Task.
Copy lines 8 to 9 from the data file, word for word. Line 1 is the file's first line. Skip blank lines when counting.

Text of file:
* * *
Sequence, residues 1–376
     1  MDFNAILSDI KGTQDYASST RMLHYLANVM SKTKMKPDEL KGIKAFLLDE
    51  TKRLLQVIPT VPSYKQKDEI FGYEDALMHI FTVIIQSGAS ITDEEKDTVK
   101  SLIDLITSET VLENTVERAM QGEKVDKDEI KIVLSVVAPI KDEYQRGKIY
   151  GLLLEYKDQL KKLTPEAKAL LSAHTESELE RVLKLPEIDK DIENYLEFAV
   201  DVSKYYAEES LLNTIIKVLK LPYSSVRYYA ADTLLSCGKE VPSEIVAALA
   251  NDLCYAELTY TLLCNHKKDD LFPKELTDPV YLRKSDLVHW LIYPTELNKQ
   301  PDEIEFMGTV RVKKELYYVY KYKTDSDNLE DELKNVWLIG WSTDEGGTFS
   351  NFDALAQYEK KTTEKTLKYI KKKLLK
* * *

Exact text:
   301  PDEIEFMGTV RVKKELYYVY KYKTDSDNLE DELKNVWLIG WSTDEGGTFS
   351  NFDALAQYEK KTTEKTLKYI KKKLLK